Sign of the times: AIIC and sign language interpreters
AIIC, the home of conference interpreters worldwide, welcomes sign language interpreter members.
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For many of us these days, the words “sign language interpreter” conjure up images of Lydia Callis, the interpreter whose skilful renditions of New York Mayor Bloomberg’s press briefings during last year’s Hurricane Sandy earned sign language interpreting a place on nightly news reports around the globe. Callis’ performances spawned everything from pseudo-scholarly treatises on the use of facial expressions to reflect grammatical inflection in sign language to light-hearted late-night comedy show spoofs of her work, and in the process raised awareness among the general public of just what it is that sign language interpreters do.
Interpreter associations know that the work of sign language interpreters (or SLIs) extends well beyond the occasional catchy headline, however. We also know that SLIs, just like their spoken language colleagues, can clearly benefit from membership in organizations that defend their profession and reflect their needs as professionals.
For some time now, AIIC’s Sign Language Network has been working together with other associations such as WASLI (the World Association of Sign Language Interpreters) and efsli (the European Forum of Sign Language Interpreters) to see how AIIC can best contribute to addressing these needs. These efforts culminated in the resolution, adopted at AIIC’s 35th Assembly in Buenos Aires, to include sign languages in the language combinations recognized for membership, thereby giving SLIs who work in conference settings access to membership in the world’s only global conference interpreter association.
I recently caught up with Aude-Valérie Monfort, Coordinator of AIIC’s Sign Language Network, to find out more about what this landmark decision means for sign language interpreters, for AIIC, and for the profession as a whole. Here’s what I found out.
MH: The news that AIIC, an association dedicated to conference interpreting, has decided to accept sign language interpreters as members might come as a surprise to some, since people tend to equate sign language interpreting with work in community settings such as hospitals, schools, or courts. But many SLIs also work in the conference setting, isn’t that right?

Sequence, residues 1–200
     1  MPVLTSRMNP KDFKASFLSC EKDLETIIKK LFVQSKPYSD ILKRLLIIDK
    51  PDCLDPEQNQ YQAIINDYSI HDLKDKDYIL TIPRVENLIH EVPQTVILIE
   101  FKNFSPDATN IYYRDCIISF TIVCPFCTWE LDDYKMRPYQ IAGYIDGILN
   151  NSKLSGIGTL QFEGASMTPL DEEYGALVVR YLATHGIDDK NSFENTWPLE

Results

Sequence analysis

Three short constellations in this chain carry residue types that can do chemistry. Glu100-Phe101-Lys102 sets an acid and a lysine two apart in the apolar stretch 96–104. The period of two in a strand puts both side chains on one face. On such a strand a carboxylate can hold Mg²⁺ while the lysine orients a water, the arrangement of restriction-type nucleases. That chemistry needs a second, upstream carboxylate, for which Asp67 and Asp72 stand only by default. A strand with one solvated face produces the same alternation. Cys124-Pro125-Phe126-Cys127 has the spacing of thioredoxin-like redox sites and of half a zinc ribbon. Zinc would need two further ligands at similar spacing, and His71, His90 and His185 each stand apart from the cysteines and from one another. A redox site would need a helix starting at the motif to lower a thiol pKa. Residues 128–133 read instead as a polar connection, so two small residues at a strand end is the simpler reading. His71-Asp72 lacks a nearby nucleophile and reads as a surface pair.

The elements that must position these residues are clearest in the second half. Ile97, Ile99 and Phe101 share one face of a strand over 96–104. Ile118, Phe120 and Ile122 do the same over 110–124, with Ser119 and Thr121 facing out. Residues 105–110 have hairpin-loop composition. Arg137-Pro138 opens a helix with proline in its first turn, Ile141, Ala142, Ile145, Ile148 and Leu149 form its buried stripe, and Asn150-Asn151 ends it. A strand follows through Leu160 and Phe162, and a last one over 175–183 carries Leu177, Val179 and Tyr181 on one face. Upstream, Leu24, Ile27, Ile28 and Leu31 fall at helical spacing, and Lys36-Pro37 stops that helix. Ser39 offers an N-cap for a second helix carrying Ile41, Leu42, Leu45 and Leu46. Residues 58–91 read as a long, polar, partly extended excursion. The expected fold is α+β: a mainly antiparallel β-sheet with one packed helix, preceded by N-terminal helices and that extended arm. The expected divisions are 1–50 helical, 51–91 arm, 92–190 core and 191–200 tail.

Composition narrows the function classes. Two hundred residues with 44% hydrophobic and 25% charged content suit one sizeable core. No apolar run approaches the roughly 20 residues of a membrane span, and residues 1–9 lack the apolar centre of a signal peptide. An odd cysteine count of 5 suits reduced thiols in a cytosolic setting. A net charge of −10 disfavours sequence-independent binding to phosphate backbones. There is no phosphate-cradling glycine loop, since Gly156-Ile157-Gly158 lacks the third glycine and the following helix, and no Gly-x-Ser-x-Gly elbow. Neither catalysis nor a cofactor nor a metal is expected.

AVM: Yes, that’s right. Sign languages have been used at conferences for many years, but mainly at national events. This is why spoken language conference interpreters who work mostly at multilingual meetings in international settings are often not aware of this fact. The decision to welcome sign language interpreters as members of AIIC will hopefully contribute to changing this perception.
MH: How much conference work does your average sign language interpreter do? Where might one find an SLI at work?
AVM: If you compare an SLI’s workload with the average workload of a spoken language conference interpreter on the free market, you will see that there are no major differences. In any given year, a sign language conference interpreter might work approximately 20 days at national conferences (interpreting between spoken French and French sign language, for example) and another 20 days for a University (at university lectures, viva voce examinations, etc.). Broadcasters are also increasingly using the services of sign language interpreters and some SLIs (like their spoken language counterparts) work very regularly for such clients. The rest of an SLI’s assignments will probably take place in a community setting.
National parliaments represent another conference-style setting where SLIs can be found. Did you know that the linguistic service of the German Parliament offers several sign language interpreting assignments every month, and that this trend is increasing constantly? These types of events are carried out without the participation of spoken language interpreters, though, which is one reason why the spoken language interpreting community is not aware of them.
At the level of international events, The European Union of the Deaf (EUD) is very active in Brussels, lobbying for greater access through the provision of sign language interpreters in the European institutions and at international events. The election of a deaf MEP (Ádám Kosá) in 2009 has also contributed to increasing the profile of SLIs by bringing sign language conference interpreting onto the floor of the European Parliament.